But, if we are thus compelled by a sound method to regard sensori-motor actions as degraded or mechanical forms of voluntary actions, instead of regarding voluntary actions as gradually differentiated out of something physical, we have not to ask : What happens when one of two alternative movements is executed? but the more general question : What happens when any movement is made in consequence of feeling? It is obvious that on this view the simplest definitely purposive movement must have been preceded by some movement simpler still. For any distinct movement purposely made presuppose the ideal presentation, being a re-presentation, equally presupposes a previous actual movement of which it is the so-called mental residuum. There is then, it would seem, but one way left, viz, to regard those movements which are immediately expressive of pleasure or pain as primordial, and to regard the so-called voluntary movements as elaborated out of these. The vague and diffusive character of these primitive emotional manifestations is really a point in favour of this position. For such "diffusion" is evidence of an underlying continuity of motor presentations parallel to that already discussed in connexion with sensory presentations, a continuity which, in each ease becomes differentiated in the course of experience into comparatively distinct and discrete movements and sensations respectively.2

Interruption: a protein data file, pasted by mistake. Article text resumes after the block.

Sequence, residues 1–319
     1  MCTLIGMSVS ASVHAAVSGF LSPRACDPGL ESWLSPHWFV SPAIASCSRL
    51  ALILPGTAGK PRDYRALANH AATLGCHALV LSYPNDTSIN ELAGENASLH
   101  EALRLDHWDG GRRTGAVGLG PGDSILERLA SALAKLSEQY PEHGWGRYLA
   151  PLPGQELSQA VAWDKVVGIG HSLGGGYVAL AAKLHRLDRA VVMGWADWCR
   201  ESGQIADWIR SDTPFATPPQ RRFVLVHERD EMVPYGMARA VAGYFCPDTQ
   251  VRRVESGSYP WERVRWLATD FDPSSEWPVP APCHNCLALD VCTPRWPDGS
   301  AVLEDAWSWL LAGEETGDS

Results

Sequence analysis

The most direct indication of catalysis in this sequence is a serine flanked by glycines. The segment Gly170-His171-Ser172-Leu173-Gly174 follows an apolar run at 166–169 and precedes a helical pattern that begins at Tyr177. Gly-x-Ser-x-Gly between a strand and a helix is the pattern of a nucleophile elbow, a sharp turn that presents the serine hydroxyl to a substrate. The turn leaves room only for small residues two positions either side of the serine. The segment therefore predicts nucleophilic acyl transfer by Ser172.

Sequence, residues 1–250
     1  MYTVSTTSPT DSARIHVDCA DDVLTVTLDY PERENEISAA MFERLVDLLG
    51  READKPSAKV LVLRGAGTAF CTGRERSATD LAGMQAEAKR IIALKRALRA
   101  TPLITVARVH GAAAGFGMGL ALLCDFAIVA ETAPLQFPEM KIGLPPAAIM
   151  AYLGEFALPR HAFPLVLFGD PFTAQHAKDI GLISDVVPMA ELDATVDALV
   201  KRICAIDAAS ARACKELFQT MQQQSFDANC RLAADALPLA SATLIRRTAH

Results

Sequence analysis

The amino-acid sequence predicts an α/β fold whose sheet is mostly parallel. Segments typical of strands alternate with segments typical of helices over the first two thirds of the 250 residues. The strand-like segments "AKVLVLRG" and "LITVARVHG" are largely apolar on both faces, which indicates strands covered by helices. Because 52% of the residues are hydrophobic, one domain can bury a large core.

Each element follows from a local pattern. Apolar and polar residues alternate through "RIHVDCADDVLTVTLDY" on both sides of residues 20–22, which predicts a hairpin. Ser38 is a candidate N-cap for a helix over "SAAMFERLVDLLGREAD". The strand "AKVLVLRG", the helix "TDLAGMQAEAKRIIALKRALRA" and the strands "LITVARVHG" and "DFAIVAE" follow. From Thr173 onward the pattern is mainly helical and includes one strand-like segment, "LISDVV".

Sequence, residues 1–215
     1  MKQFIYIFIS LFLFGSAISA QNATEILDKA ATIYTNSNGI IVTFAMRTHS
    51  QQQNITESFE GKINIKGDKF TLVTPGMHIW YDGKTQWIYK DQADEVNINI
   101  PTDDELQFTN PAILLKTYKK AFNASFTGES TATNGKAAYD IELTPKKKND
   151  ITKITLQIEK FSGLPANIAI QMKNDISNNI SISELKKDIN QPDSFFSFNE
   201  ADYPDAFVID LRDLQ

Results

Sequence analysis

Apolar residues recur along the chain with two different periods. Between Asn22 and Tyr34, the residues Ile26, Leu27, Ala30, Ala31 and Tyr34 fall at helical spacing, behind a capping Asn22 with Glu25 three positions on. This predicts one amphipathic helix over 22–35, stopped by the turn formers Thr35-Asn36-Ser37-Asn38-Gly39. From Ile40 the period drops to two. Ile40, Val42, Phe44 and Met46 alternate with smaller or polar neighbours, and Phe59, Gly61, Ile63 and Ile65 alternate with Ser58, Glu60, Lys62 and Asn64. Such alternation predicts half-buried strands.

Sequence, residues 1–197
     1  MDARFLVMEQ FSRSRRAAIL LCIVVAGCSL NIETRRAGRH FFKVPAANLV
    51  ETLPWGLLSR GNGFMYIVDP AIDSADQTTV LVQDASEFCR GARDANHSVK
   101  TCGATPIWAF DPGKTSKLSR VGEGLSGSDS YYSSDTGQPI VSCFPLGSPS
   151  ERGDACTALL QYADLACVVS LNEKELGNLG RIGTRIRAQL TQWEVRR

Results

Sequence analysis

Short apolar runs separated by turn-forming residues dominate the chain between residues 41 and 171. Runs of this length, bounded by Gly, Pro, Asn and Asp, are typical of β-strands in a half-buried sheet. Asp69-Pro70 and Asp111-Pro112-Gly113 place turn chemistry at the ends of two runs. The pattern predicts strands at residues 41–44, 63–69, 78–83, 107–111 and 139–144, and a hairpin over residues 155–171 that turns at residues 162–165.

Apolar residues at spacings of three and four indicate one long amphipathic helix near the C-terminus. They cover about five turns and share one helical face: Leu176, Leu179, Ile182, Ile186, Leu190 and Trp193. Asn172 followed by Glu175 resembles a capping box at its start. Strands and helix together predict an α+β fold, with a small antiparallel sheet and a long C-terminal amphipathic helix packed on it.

But, where as we can only infer, and that in a very roundbout fashion, that our sensations are not absolutely distinct but are parts of one massive sensation, as it were, we are still liable under the influence of strong emotion directly to experience the corresponding continuity in the case of movement. Such motor-continuum we may suppose is the psychical counterpart of that permanent readiness to act, or rather that continual nascent acting, which among the older physiologist was spoken of as "tonic action" ; and as this in now known to be intimately dependent on afferent excitations so is our motor consciousness on our sensory. Still, since we cannot imagine the beginning of life but only life begun, the simplest picture we can form of a concrete state of mind is not one in which there are movements before there are any sensations or sensations before there are any movements, but one in which change of sensation is followed by change of movement, the link between the two being a change of feeling.